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Research Summary

Synthetic chemistry is the process of rationally constructing molecules through a series of chemical reactions. Organic synthesis, historically has been concerned with the construction of molecules comprised mainly of carbon, hydrogen, oxygen and nitrogen and has been normally linked to molecules of nature which often posses biological activity. Inorganic synthesis is normally associated with molecular architectures which do not have carbon as the central element and have been most closely associated with materials chemistry or catalysis.

Of late, however, there has been a renaissance which has destroyed this constrictive and artificial barrier and many in the field prefer "chemical synthesis" to describe their research.The reasons for doing chemical synthesis are manifold but most include the desire to improve quality of life. This may be done by synthesizing new materials for electronic devices which make our lives so much easier or by preparing new materials for construction which are lighter and stronger than ever before. Of interest to our research group, however, is the desire to prepare molecules which improve quality of life from a healthcare standpoint - that is molecules of pharmaceutical interest. Our field of research then is synthetic organic chemistry directed towards the synthesis of biologically active molecules and the development of new strategies and reactions which will be of use to the medicinal chemist.

The birth of organic synthesis is usually considered the synthesis of the natural product urea (NH2CONH2) by Wöhler in 1828. On treating silver cyanate with ammonium chloride solution he obtained a white crystalline material which proved identical to urea obtained from urine.

During this period, naturally occurring molecules were thought of as privileged structures with their own life force (vitalism). It was not thought possible to prepare a "living" molecule from non living ones. Since that time chemists have developed the art and science of organic synthesis to the stage that hugely complex naturally occurring molecules now succumb to the skill and tenacity of the synthetic chemist. I have often described organic synthesis to my family as playing with molecular tinker toys where the atoms which make up the molecules are the wooden disks and the sticks are the chemical bonds. The problem is that we cannot grab the atoms and attach them together by hand - instead we use chemical reactions to do the same thing. The connection of a single atom to another (one wooden disk to another) requires a chemical reaction. The more complex the target molecule the more difficult and lengthy the task. An intimate understanding of what can and cannot yet be accomplished as well as a large selection of chemical reactions is of huge importance to us in our goal of complex molecule synthesis.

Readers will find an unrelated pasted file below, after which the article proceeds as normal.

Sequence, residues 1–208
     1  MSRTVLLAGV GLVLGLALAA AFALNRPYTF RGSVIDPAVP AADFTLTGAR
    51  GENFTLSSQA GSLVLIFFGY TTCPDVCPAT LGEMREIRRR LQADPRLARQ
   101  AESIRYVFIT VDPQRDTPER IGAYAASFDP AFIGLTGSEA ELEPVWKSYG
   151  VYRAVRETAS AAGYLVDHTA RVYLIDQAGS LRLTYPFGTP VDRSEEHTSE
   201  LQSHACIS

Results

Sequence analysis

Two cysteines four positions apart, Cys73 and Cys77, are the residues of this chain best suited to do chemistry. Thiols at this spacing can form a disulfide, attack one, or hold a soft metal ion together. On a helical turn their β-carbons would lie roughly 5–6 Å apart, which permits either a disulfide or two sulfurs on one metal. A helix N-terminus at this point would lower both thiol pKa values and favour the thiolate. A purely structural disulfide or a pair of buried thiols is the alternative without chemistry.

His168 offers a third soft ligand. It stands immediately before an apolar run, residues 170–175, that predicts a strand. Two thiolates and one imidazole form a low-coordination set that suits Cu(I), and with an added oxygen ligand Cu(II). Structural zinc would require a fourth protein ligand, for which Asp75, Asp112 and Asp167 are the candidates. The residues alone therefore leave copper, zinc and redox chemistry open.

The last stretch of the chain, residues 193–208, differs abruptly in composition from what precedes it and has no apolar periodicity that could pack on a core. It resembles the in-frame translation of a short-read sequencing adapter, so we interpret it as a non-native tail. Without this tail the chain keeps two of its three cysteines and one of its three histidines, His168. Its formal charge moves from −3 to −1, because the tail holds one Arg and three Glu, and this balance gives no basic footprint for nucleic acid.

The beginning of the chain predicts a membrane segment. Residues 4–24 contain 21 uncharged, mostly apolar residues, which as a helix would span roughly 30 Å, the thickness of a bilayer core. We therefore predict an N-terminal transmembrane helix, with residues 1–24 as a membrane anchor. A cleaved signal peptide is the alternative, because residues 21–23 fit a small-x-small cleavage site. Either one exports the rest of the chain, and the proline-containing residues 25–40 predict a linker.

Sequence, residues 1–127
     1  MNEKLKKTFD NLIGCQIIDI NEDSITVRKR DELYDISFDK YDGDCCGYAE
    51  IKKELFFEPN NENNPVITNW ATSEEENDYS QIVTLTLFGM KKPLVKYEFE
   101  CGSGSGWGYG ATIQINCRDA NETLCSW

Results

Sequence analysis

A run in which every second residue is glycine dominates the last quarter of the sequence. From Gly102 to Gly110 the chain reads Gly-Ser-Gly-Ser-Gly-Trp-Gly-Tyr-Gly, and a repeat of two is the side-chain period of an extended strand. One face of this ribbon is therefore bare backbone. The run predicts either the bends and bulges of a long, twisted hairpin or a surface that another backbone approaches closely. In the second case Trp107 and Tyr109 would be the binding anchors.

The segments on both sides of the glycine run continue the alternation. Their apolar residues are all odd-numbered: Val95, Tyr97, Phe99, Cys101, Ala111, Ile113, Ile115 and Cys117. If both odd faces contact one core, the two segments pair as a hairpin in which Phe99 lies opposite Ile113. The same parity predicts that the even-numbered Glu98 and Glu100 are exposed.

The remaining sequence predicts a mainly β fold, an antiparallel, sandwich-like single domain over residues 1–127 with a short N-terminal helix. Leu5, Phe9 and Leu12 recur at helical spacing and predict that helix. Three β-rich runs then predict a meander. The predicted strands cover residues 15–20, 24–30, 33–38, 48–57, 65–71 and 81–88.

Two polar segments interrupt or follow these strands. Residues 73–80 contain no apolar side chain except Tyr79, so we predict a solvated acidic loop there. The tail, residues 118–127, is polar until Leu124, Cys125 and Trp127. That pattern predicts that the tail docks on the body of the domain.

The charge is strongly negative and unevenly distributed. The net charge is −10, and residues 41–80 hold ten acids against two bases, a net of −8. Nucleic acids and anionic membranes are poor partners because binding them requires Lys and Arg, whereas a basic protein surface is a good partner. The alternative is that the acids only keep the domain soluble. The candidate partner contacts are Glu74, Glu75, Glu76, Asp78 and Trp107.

In Our Group

Our research group has two main goals: 1) we develop new and fundamentally useful reactions which add to the arsenal of the synthetic organic chemist. These tools are used by the synthetic community both academic and industrial to prepare molecules of theoretical and commercial importance, and 2) we use our newly developed reactions and strategies to prepare such targeted molecules. By doing so, we showcase our synthetic methods as well as develop new synthetic strategies for the construction of complex molecular architectures. Below is a case in point.

An Example of Our Research

The development of a new reaction and application to the synthesis of nakadomarin A:

Recently we have described the reaction of nitrones with cyclopropanes in what we have termed a homo-3+2-dipolar cycloaddition In this reaction (Scheme 1) the combination of a nitrone 1 with a 1,1-cyclopropanediester 2 under the influence of a Lewis acid (most suitably a lanthanide triflate) results in the smooth formation of a tetrahydro-1,2-oxazine 3 with groups R2 and R3 on the same side of the six-membered ring.

Scheme 1: A new cycloaddition reaction

The nitrogen-oxygen bond in 3 was reduced to a 1,4-aminoalcohol 4 and converted to pyrrolidine 5 using traditional methods (Scheme 2). Notice now that the groups R2 and R3 are on opposite sides of the pyrroldine ring. A pyrrolidine with the exactly this substitution pattern (shaded box in Scheme 2) just happens to be a central structural feature of the beautifully complex alkaloid nakadomarin A, a rare natural product with anticancer activity, isolated from a sea sponge. Since only tiny amounts of nakadomarin A are available from the natural source without extinction of the species, a laboratory synthesis would be valuable from the standpoint of preparation as well as full biological and medicinal evaluation. We have prepared a model 6 containing the core structure, and have recently completed the asymmetric synthesis of (+)-nakadomarin A [DOI].

Scheme 2: A stereoselective pyrrolidine synthesis


While the synthesis of nakadomarin A is an important project in our laboratory, it is by no means the only one. We have developed numerous new and useful chemical reactions and have successfully applied them to the laboratory synthesis of bioactive naturally occurring compounds. Our synthetic methods and strategies will continue to be of interest to both the academic and pharmaceutical organizations, and the researchers in my lab will be active contributors to synthetic chemical research.